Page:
On one of my visits to the Mount of Olives, walking through the traditional garden of ancient olive trees, an old man approached me.  He was a stranger to me,  and said no word.  But he held a large ring of keys, and motioned for me to follow him.  With hesitation, and curiosity, I followed him across the narrow little road that wound from the top of the Mount of Olives, alongside the walls of the Garden of Gethsemane, and down to the base of the Kidron Valley, where tourists return to their  buses.  

The old man led me across the narrow, walled road to an old  wooden door that I had never seen opened.  He unlocked the door, and motioned for me to go inside.  It was a garden.  Far more humble than the tourist gardens, it had very old olive trees, simple  flower beds, and a worn path through the flowers.  He pointed to a small bench, invited me to sit down, and with a sparkle in his eye, walked back out through the old door, locking it behind him.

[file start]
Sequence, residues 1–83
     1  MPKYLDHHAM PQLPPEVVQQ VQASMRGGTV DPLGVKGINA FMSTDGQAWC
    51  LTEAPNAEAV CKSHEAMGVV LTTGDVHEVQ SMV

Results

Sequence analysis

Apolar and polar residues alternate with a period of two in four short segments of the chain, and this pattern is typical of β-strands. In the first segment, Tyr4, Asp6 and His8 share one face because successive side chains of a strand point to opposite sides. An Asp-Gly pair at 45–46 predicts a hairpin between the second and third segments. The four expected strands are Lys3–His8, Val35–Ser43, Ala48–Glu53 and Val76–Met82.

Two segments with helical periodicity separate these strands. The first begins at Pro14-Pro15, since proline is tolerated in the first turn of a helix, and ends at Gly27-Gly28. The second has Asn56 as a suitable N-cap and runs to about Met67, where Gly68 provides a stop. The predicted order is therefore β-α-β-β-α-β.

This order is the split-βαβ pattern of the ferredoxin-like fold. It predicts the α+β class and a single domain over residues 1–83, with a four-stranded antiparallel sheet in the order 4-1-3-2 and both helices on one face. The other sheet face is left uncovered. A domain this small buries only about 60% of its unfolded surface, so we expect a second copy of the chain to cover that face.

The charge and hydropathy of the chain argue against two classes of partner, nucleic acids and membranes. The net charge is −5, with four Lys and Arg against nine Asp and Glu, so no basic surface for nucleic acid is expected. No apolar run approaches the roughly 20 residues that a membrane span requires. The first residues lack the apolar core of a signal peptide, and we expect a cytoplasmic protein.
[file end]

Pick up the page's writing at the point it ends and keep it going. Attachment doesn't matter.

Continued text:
I was doing exactly the things I would always caution our Israel trip groups NOT to do.  But there was a sweet peace in my heart, and I sat down on the bench and simply whispered a prayer that God had my full attention, and I was longing to hear Him speak to my heart whatever He wanted to tell me.  I was listening.  

Looking at the garden surrounding me, my gaze came to rest where it had begun. . . between my own two feet.  A simple little blue violet caught my eye, and I gently plucked it.  Having my focus, I noted the intricate details of this simple blossom. . . a little flower that would  easily go unnoticed  in the humble old garden.  As I held the fragile  blossom, God whispered.  He was there.  He had drawn me away from the crowd, reminding me through a  little flower of His  creation, that He was as aware of me as I was of the sweet  blossom  in my hand.  Simple words from His Heart to mine.  It was a precious Moment in time.  

I needed nothing more.

As His Presence, His simple Words, lingered in my mind . . .heart . . . soul, I looked at the little blossom in my hand, focusing on this Moment in Time.  A humble  garden.  A simple gardener.  A worn old door opened to remind me of His Presence . . . His Love . . . His Truth.